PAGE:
President Biden’s Bipartisan Infrastructure Law Part 1; Energy assistance for families in low income housing

Just over 100 million dollars to Alabama. Upwards of 175 million for Florida. 

One of the little-publicized areas of government funding that’s being bolstered by the Bipartisan Infrastructure Law signed by President Biden in early November is the Low Income Home Energy Assistance Program, (LIHEAP), which is critical to helping low income households meet their energy needs through both the cold of winter and heat of summer. After record heatwaves scorched the Pacific Northwest in the summer of 2021, which followed record lows and major energy outages in Texas the previous winter, we’re already seeing climate change impacting 2022 with heatwaves at the planet’s poles and tornadoes in Texas and Louisiana

Nearly 200 million for Nebraska and Iowa. 

71 million to Oklahoma.

According to, “Since 1981, the Low-Income Home Energy Assistance Program (LIHEAP) has been providing critical home energy assistance to those most in need. Eligible households receive benefits for heating, cooling, and crisis assistance, weatherization, budget counseling, and/or other vital services to help achieve safe and healthy indoor air quality and temperature.”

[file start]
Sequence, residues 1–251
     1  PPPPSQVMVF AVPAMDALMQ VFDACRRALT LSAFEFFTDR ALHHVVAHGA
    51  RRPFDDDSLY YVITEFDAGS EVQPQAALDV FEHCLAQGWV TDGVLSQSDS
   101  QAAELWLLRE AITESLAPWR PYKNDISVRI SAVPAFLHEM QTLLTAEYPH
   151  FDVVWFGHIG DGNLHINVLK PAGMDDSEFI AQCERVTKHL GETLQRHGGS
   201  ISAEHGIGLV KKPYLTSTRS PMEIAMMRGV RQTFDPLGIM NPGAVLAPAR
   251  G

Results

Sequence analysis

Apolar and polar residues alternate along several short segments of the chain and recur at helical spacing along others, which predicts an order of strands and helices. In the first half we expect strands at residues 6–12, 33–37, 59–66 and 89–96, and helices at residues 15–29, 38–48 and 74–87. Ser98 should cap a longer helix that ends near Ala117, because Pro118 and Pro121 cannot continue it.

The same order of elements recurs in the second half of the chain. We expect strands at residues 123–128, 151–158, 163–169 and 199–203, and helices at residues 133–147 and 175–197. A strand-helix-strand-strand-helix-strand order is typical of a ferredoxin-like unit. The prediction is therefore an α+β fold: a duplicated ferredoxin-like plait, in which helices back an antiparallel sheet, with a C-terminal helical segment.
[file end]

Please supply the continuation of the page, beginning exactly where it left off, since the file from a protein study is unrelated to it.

Between the Bipartisan Infrastructure Law and 2021’s American Rescue Plan, the Biden Administration has made an unprecedented investment in LIHEAP, which has in turn provided critical help to working families countrywide struggling with the costs of heating, cooling, and weatherizing their homes. And U.S. Department of Health and Human Services Secretary Xavier Becerra pledged to continue providing bipartisan support to families in need around the nation, regardless of political persuasion, saying “I will continue to work with President Biden to protect the health and well-being of all families in need and help lower their energy bills.” 

So while his predecessor spent endless time threatening to defund cities with politics he didn’t like:

President Biden seems to be committed to providing a baseline to America’s most vulnerable citizens, regardless of how they voted in 2020, or how they plan to vote in 2024. And that has allowed local agencies across the country to confidently spread the word to their constituents: help is available, now. From rural cooperatives in Kentucky:

To school districts in Illinois:

To community action organizations in Massachusetts. 

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